Poodles are divided into three different varieties, the standard, miniature, and toy. The American Kennel Club, a leading authority on dog breeds, delineates the varieties by size. Standard poodles must be over 15 inches at the highest points of their shoulders. Miniature poodles are defined as 15 inches or less at the highest point on the shoulders and over 10 inches. Toy poodles must measure 10 inches or less at the highest point of the shoulders.
The standard poodle was the earliest variety of this dog breed. It was bred to retrieve waterfowl for hunters. The name “poodle” was likely derived from the German “pudelin”, meaning to splash in the water.
Many people think of the poodle cut as something invented for pampered smaller dogs to appear cute, but it was actually invented for the standard poodle in its original job as a water retriever. The rear fur was cut off to make the dog able to swim better while the chest hairs were left intact to protect his or her vital organs in cold water. The pom on the tail and the bow on the head were used to help hunters to find and identify their dogs in the water.
The size of the standard poodle has made it useful in many other capacities as well. Poodles have been trained as guide dogs, army dogs, guard dogs, cart dogs and even sled dogs.Prince Rupert of the Rhine, cousin to Charles I of England, is said to have had a white standard poodle named Boy, whom he took into battle with him, and who died in 1644 at the Battle of Marston Moor. Emperor Napoleon mentioned in his memoirs a standard poodle who died at the battle of Marengo. During World War II, in the United States, standard poodles were used to guard defense plants, military installations, and coastlines. Because they are hypoallergenic, poodles make good guide dogs for blind people with allergies. In 1988, 1989, 1990 and 1991 dog-sled teams made up partly of poodles ran the Iditarod race in Alaska and finished the long, grueling trip through the ice.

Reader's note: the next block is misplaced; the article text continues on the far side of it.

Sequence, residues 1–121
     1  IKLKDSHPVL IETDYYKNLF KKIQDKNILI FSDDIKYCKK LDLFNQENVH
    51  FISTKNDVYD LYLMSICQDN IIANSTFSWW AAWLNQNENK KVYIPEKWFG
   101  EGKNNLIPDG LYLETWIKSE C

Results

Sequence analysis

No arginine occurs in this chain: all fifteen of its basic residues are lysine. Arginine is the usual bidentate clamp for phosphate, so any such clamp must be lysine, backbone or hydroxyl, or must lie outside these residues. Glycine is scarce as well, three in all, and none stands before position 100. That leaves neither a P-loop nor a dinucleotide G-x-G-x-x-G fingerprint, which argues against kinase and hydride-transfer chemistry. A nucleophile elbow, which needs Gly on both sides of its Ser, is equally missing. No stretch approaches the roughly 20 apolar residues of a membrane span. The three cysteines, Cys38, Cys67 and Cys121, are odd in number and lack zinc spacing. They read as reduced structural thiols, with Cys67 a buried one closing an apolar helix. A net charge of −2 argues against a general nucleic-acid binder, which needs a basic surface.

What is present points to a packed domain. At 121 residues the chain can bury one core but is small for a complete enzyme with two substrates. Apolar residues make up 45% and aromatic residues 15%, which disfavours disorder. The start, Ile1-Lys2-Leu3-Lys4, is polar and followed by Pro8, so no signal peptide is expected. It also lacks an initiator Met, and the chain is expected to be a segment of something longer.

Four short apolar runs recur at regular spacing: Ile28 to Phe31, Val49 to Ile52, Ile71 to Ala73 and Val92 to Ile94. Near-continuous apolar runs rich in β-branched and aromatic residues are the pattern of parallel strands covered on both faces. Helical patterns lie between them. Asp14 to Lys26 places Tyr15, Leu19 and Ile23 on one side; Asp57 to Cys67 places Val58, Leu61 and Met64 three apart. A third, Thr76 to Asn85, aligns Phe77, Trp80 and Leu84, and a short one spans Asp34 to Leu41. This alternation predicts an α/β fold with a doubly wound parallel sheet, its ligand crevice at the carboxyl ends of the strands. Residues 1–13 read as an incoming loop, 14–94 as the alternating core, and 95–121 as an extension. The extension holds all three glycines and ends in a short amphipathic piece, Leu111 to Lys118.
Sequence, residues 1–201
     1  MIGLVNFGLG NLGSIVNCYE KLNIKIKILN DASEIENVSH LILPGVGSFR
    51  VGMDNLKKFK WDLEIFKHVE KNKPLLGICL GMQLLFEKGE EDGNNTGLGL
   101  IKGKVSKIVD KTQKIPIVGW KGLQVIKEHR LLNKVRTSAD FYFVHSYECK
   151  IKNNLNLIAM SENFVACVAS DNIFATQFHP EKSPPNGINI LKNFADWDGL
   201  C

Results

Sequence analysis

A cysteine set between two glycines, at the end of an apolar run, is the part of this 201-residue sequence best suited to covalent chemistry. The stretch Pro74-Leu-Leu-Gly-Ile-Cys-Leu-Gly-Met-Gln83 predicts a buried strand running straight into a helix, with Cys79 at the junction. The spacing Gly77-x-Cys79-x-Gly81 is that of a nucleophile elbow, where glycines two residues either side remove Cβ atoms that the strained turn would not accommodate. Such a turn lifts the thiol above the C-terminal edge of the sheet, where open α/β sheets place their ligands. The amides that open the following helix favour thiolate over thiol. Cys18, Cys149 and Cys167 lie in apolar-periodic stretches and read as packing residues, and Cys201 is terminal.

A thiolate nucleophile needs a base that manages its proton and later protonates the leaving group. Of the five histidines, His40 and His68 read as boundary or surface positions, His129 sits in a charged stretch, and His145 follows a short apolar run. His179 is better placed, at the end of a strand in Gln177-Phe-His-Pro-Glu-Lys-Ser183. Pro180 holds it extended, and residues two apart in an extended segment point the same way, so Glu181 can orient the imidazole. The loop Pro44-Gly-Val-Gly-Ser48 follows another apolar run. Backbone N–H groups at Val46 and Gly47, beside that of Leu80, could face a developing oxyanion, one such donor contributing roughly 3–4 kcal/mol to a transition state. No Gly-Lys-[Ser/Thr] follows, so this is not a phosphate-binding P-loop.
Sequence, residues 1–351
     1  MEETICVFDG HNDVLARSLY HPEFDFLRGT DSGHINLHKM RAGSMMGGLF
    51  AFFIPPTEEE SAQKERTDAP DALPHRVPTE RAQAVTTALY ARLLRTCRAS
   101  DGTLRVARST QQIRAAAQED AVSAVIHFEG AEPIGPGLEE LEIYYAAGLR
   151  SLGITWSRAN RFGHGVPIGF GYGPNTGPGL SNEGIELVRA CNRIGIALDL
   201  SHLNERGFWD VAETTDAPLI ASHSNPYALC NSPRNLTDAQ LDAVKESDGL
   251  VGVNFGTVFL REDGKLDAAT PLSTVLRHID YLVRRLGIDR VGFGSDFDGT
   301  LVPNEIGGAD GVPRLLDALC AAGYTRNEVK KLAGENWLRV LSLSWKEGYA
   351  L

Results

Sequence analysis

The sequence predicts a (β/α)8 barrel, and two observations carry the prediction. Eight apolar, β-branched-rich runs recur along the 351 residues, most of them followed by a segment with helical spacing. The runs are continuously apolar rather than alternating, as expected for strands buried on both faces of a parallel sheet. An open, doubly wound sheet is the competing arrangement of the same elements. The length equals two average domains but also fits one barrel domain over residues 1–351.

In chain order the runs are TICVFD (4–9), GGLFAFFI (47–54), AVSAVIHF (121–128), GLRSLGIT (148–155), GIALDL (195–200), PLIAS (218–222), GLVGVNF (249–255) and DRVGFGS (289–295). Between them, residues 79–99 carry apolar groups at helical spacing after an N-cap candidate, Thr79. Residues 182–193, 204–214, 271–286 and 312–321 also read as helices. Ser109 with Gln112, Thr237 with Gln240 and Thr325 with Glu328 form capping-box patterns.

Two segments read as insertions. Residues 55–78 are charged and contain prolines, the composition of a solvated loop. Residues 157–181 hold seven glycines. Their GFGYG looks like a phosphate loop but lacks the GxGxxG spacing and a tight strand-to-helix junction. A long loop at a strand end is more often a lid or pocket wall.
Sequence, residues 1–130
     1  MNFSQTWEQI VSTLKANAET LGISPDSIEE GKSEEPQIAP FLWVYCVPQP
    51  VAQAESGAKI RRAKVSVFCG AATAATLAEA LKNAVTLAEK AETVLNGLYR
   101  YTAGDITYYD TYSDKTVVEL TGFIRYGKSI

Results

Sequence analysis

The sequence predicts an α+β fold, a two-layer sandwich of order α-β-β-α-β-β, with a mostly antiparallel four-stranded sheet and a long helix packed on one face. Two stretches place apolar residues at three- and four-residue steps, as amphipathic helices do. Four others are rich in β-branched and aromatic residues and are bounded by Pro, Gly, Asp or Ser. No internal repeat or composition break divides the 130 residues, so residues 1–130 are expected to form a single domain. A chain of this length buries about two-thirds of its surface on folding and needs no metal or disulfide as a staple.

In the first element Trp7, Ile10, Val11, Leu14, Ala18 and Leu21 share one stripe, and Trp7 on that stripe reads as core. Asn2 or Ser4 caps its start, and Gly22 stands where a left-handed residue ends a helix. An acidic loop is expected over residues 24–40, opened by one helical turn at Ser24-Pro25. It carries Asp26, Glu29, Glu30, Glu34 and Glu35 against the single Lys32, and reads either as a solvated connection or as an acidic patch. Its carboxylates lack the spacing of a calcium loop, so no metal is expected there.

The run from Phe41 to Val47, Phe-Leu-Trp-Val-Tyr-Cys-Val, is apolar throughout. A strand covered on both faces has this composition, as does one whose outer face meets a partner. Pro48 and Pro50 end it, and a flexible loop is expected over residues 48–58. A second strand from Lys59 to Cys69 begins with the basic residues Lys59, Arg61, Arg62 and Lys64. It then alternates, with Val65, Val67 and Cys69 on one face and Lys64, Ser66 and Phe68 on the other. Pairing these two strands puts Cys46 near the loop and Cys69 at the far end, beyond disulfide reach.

Miniature and toy poodles were bred during the Renaissance, when European nobility wanted small dogs for companions. People would carry little poodles around in their sleeves during cold weather. To this day toy and miniature poodles are thought of as companion dogs, frequently carried around in purses or bags. Smaller poodles have been used for finding a kind of fungus called a truffle, because they would disrupt the ground less than their larger cousins. Small poodles were trained by Gypsies to perform tricks and were used in vaudeville and circuses.
In February a male toy poodle named Walker won in the toy dogs division at the Westminster Dog Show, beating a Pekinese, a shih-tzu, and a papillon. Walker was the top-winning toy dog in the country last year, winning more than 30 best in show awards.
Two sizes of Poodles not recognized by the AKC are the Klein and teacup poodles. The Klein is intermediate in size between the standard and miniature, standing at 15 to 20 inches at the highest part of the shoulder. Kleins, or moyens as they are called in France, are usually kept as pets in American homes since they cannot compete in AKC shows. Teacup poodles are the tiniest, being only nine inches at the highest part of the shoulder or smaller. They usually weigh only six pounds or less.
Whatever their size, poodles are known to be one of the most intelligent, trainable dog breeds. If you buy a poodle, socialize it well and train it early to have a well-adjusted, happy companion.